Society has become extremely reliant on technology, for EVERYTHING. I know personally I couldn’t live without my smart phone. I check my email, bank balance, pay my electricity bill and check the traffic reports for my drive home daily. How many of us run our lives through that small electrical device? I know I am constantly responding to important emails through my phone or tablet on the go. Most of us even have a signature that precludes any typos or spelling errors due to our “fat fingers”. So, in this day and age when it’s the norm to respond this way in the business world? The question “When is a text or a quick response unprofessional in an interview process?” is a fair one.
Often when dealing with a professional recruiting firm you are contacted by phone or email first. I have had many candidates shoot me a text or a one word response from their smartphone instead of returning a call. Although this isn’t the worst way to respond, if I don’t have a professional relationship with you already then your first impression may be lost among detailed responses or conversations from other potentials candidates. This is considered the first point of contact in the interview process and could determine if you move on to the next step.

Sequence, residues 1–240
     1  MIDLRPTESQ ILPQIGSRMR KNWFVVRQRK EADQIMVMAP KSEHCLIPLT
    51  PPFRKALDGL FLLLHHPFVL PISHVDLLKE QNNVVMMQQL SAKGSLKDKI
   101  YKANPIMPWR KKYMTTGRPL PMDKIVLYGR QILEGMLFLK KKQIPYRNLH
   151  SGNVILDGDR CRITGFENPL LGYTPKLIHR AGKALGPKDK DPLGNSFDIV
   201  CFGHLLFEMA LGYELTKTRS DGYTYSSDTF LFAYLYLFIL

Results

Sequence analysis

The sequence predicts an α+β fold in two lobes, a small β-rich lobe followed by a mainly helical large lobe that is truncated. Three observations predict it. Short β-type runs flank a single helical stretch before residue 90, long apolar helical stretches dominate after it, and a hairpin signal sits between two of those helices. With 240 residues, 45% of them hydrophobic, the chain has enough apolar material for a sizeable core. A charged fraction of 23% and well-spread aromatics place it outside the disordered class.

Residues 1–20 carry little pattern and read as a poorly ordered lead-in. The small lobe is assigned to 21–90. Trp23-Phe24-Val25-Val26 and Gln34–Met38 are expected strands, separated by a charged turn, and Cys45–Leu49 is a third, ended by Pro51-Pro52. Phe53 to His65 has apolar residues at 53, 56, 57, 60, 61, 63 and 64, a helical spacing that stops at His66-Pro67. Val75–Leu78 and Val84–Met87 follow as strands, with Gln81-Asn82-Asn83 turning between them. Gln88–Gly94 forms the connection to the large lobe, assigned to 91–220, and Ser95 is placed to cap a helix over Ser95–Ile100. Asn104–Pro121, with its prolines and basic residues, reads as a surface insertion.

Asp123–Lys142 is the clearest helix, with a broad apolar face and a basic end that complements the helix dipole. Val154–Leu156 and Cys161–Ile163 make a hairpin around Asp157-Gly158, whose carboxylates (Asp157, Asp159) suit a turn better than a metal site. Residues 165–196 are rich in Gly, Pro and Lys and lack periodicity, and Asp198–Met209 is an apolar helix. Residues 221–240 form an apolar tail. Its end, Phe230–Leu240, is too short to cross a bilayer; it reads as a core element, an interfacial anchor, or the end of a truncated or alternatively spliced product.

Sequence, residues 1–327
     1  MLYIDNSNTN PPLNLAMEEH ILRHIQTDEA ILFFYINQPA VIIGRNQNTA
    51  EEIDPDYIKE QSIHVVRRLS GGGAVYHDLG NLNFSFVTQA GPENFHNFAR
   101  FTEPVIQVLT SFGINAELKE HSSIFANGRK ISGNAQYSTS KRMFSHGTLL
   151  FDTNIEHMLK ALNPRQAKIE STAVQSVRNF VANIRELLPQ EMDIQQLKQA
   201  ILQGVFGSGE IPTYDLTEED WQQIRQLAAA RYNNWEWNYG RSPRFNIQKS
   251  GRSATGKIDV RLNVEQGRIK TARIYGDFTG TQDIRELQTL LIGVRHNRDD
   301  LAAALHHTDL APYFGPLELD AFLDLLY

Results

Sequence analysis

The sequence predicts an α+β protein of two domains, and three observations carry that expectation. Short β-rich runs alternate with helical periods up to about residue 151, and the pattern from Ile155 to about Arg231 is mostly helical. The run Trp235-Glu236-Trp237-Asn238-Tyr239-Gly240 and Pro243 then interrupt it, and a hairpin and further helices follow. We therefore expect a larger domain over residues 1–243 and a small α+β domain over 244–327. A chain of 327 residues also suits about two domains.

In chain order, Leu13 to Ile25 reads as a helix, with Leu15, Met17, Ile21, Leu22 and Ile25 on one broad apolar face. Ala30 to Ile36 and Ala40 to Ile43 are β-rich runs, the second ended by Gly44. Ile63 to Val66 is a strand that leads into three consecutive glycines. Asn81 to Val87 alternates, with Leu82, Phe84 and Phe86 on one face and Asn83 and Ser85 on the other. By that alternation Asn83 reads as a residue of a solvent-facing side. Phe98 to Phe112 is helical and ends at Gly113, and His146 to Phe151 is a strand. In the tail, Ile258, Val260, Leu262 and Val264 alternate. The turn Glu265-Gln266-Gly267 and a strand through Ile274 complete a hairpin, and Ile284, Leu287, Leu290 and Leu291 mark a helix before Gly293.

More important than your recruiter interaction is the way you interact with the hiring manager. Again, most professionals are dealing with hectic and intercontinental schedules so it isn’t uncommon for the interview process to include emails, text messages and Skype as a part of the communication. No matter which form of communication you might be using, you are always being interviewed. The shirt you wear during a Skype interview, and your spelling and grammar, are ALWAYS important. Responding with text lingo to a hiring manager (even if the hiring manager has to you) isn’t the professional response. No ttyl, brb, “thx for your time today” should be used. Please! Please! Please don’t send your follow up letter from your phone. Ever. Take the time, and ENERGY to compose and send a thoughtful, and detail oriented follow up letter from your computer. This is a direct reflection of what you will bring to the position in the future and you don’t want it to look like you spent a few minutes on public transit sending the follow up from your phone.
As we continue to morph culturally to the new iPhone and android vernacular let us try to keep some things consistent, including the professional interview process.